As expected, Peter Debnam’s deputy, Barry O’Farrell, yesterday declared himself a candidate for leadership of the New South Wales Liberal Party. Unless Debnam can be induced to back down, it looks like being a straight fight between the two, with O’Farrell the strong favorite.
A reader poll in this morning’s Sydney Morning Herald was showing O’Farrell well in the lead on 77% from an unusually high vote of over 9,000. Of course, that might just show that his apparatchiks are better at stacking out a poll than their rivals.
If O’Farrell wins, he will be the NSW Liberal Party’s 19th leader since its formation in 1945. Only two of them have ever won an election. No, that’s not a misprint: it’s two out of 19. Few serious political parties anywhere can claim such an unenviable record.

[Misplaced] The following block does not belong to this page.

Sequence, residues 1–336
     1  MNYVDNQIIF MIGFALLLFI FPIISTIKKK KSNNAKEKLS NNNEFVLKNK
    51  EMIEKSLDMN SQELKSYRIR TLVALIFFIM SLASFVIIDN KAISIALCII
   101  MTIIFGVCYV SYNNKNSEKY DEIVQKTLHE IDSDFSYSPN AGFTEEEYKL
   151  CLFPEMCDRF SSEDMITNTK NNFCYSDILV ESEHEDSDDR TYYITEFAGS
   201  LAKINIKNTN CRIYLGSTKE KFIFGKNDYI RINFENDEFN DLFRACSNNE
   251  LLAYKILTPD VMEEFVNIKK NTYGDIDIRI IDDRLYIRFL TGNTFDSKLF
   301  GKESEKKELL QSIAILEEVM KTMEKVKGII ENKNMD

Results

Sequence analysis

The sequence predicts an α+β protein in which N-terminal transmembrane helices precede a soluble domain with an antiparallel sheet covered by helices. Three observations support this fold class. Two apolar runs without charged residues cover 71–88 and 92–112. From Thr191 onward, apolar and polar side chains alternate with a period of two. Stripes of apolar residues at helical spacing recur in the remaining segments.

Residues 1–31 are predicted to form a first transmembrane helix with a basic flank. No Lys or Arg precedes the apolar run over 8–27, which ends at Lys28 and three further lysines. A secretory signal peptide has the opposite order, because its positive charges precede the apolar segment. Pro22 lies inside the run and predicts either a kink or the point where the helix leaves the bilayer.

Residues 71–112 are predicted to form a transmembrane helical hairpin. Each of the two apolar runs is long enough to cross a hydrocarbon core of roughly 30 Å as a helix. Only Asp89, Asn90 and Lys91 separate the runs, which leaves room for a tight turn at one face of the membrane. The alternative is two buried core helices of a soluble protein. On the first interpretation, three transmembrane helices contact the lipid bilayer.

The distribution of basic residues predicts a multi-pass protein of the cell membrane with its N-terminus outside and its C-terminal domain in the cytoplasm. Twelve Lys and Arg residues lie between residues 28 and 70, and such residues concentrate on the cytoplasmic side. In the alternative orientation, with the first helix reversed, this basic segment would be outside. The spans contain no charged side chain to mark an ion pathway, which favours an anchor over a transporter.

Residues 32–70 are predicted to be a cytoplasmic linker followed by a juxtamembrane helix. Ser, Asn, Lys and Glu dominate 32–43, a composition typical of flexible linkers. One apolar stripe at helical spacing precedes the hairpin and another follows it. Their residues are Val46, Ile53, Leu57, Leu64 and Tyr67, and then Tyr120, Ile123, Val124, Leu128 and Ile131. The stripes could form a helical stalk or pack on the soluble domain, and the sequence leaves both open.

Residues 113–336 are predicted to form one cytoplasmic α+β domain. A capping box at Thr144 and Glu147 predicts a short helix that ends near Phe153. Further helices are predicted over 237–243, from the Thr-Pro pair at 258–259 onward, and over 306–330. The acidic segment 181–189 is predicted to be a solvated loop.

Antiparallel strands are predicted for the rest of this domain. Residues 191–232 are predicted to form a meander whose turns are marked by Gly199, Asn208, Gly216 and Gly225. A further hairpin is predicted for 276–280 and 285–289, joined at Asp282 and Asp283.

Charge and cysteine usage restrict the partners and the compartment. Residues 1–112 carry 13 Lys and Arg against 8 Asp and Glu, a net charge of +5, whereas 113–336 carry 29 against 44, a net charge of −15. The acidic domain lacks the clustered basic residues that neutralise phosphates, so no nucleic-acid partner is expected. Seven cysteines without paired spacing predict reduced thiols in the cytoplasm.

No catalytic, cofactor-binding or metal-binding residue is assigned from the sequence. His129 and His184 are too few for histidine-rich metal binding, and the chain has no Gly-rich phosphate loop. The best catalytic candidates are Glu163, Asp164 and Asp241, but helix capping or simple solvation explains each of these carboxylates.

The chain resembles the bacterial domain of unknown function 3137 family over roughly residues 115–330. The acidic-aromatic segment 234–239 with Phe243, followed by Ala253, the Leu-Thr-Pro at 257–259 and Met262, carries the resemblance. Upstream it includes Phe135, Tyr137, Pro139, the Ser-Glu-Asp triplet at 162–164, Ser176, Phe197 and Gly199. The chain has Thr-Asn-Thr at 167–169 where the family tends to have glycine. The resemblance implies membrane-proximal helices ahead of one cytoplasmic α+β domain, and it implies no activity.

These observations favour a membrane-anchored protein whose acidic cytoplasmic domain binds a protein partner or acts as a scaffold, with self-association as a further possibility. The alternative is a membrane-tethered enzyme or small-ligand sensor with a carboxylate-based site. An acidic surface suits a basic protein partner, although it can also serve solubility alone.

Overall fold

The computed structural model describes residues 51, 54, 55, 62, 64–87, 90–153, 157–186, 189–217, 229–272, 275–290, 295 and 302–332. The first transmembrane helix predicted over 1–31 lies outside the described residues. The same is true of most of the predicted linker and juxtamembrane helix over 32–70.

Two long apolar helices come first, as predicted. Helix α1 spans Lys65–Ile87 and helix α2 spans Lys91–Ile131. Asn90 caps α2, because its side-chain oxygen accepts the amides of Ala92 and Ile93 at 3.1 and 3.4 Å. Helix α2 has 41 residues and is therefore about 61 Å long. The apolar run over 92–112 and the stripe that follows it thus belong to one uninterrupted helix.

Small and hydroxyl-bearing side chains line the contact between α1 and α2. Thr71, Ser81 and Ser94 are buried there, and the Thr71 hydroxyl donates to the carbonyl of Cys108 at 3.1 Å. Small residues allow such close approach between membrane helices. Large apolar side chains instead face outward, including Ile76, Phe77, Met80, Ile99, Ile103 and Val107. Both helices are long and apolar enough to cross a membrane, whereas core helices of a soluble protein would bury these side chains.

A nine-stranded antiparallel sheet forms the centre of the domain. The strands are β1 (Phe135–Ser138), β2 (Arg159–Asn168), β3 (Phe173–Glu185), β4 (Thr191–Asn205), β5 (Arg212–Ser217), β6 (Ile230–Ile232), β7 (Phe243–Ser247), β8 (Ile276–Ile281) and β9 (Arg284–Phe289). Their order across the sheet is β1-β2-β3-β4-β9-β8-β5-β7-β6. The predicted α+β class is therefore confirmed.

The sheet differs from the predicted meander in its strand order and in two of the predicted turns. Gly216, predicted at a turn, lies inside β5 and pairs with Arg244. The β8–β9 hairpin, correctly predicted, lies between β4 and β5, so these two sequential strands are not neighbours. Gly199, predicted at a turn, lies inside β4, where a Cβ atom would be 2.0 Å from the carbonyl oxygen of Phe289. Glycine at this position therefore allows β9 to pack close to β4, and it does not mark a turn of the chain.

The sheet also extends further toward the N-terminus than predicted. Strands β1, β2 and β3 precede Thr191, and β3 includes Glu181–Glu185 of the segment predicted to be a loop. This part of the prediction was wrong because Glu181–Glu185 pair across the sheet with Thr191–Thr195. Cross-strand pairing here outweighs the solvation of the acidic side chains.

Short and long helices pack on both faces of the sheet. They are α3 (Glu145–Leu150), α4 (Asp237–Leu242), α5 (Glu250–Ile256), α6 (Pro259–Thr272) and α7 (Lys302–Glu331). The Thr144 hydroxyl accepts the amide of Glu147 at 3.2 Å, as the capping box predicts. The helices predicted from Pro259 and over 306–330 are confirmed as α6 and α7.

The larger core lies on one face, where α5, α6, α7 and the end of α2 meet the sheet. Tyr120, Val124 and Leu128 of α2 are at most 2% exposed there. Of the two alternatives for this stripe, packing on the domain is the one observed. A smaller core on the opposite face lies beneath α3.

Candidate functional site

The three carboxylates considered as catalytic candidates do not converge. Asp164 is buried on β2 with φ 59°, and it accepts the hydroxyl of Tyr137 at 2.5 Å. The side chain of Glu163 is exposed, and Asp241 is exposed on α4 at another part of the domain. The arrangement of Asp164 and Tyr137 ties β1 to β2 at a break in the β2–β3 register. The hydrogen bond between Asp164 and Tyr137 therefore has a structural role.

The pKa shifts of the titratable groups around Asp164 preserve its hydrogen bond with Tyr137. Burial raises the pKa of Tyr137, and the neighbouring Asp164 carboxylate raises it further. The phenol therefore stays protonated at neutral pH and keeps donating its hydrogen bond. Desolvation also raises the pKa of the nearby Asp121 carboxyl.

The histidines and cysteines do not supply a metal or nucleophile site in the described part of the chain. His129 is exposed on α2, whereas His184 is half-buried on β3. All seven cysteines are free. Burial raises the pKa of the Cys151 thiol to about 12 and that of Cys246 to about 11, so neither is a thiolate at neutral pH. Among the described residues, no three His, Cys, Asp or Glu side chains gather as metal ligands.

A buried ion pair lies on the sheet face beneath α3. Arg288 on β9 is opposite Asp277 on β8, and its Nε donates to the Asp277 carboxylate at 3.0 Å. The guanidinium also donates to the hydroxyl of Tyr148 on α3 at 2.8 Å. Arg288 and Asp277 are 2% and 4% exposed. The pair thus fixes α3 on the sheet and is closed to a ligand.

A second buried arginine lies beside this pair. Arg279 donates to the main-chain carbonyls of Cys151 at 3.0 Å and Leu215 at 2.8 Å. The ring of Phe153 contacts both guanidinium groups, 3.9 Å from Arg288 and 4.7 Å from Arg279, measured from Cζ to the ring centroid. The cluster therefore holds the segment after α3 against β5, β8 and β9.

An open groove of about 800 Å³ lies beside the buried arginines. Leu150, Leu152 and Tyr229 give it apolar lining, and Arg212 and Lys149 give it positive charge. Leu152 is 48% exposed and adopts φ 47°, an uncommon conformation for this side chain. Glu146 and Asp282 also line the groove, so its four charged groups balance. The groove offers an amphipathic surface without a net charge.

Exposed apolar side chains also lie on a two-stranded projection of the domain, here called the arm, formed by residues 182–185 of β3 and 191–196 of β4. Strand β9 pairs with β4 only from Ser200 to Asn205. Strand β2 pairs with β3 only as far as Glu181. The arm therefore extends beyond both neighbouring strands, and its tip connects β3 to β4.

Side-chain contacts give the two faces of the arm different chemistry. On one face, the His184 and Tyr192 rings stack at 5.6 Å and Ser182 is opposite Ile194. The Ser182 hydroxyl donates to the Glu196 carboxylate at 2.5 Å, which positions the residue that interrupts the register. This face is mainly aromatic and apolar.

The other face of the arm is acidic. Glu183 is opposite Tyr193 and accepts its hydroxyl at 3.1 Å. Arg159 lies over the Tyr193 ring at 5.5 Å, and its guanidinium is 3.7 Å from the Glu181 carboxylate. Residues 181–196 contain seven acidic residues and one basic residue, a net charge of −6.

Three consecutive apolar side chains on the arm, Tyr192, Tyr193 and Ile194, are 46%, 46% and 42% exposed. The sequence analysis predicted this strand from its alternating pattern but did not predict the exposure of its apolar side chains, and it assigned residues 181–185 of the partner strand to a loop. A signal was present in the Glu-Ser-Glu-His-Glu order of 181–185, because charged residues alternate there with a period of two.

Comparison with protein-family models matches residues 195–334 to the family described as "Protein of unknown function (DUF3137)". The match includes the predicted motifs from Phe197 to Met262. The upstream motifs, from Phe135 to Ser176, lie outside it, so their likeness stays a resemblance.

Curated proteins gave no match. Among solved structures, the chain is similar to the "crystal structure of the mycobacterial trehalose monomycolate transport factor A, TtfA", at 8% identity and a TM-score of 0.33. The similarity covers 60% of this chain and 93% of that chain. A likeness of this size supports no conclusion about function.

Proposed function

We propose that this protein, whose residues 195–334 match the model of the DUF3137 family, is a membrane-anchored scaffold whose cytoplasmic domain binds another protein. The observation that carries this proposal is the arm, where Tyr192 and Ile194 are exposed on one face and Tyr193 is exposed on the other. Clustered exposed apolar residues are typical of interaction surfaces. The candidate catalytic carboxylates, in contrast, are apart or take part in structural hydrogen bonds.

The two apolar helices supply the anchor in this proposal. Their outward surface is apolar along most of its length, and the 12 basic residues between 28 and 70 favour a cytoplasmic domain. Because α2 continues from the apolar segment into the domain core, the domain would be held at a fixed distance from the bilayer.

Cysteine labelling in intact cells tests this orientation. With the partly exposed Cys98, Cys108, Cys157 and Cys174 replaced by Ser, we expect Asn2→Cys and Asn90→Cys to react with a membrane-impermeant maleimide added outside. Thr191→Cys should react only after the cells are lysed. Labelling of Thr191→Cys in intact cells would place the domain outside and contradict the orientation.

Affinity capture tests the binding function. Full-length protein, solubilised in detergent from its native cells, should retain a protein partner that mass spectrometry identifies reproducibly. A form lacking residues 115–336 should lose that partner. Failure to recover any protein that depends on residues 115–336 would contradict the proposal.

One factor in that record has been the party’s habit of changing leaders in the second half of a parliamentary term. Kerry Chikarovski, John Brogden and Debnam were all given little time to establish themselves before the following election, and all of them failed miserably. O’Farrell at least looks like getting a full four-year stint in the job.
It’s true that more time might not have helped in Debnam’s case. He seems singularly unable to learn from his mistakes; his “concession” speech on Saturday night was a classic of petulant failure to face reality. His apparent determination to fight on in the party room is characteristic.
The powerbrokers of the NSW right, who installed Debnam and now control basically all the organs of the party except the parliamentarians, have to make a choice. They can accept O’Farrell (who initially comes from the right anyway), push Debnam gently aside, and try to present a united front.
Or they can fight him tooth and nail – which almost certainly won’t save Debnam, but will set up a situation where the organisation and the parliamentary leader are bitter enemies.
The sensible choice is obvious. But if the factions were sensible, the NSW Liberal Party wouldn’t be in this sort of mess in the first place.